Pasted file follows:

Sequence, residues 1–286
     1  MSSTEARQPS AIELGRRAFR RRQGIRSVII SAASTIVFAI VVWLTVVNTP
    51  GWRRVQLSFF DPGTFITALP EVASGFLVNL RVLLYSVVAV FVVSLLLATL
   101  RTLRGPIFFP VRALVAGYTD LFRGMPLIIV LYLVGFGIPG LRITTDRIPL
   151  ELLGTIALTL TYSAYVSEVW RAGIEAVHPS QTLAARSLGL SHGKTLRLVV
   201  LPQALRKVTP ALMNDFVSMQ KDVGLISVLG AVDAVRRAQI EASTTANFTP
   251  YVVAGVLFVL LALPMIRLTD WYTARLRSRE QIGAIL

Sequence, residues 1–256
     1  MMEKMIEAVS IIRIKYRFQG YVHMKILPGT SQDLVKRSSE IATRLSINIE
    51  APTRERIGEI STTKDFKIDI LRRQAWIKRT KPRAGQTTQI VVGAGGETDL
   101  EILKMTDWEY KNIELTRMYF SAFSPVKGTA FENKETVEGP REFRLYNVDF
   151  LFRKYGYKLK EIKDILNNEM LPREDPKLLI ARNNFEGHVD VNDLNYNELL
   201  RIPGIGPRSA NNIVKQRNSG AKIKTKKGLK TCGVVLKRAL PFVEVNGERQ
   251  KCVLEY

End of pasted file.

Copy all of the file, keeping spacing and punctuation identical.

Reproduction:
Sequence, residues 1–286
     1  MSSTEARQPS AIELGRRAFR RRQGIRSVII SAASTIVFAI VVWLTVVNTP
    51  GWRRVQLSFF DPGTFITALP EVASGFLVNL RVLLYSVVAV FVVSLLLATL
   101  RTLRGPIFFP VRALVAGYTD LFRGMPLIIV LYLVGFGIPG LRITTDRIPL
   151  ELLGTIALTL TYSAYVSEVW RAGIEAVHPS QTLAARSLGL SHGKTLRLVV
   201  LPQALRKVTP ALMNDFVSMQ KDVGLISVLG AVDAVRRAQI EASTTANFTP
   251  YVVAGVLFVL LALPMIRLTD WYTARLRSRE QIGAIL

Sequence, residues 1–256
     1  MMEKMIEAVS IIRIKYRFQG YVHMKILPGT SQDLVKRSSE IATRLSINIE
    51  APTRERIGEI STTKDFKIDI LRRQAWIKRT KPRAGQTTQI VVGAGGETDL
   101  EILKMTDWEY KNIELTRMYF SAFSPVKGTA FENKETVEGP REFRLYNVDF
   151  LFRKYGYKLK EIKDILNNEM LPREDPKLLI ARNNFEGHVD VNDLNYNELL
   201  RIPGIGPRSA NNIVKQRNSG AKIKTKKGLK TCGVVLKRAL PFVEVNGERQ
   251  KCVLEY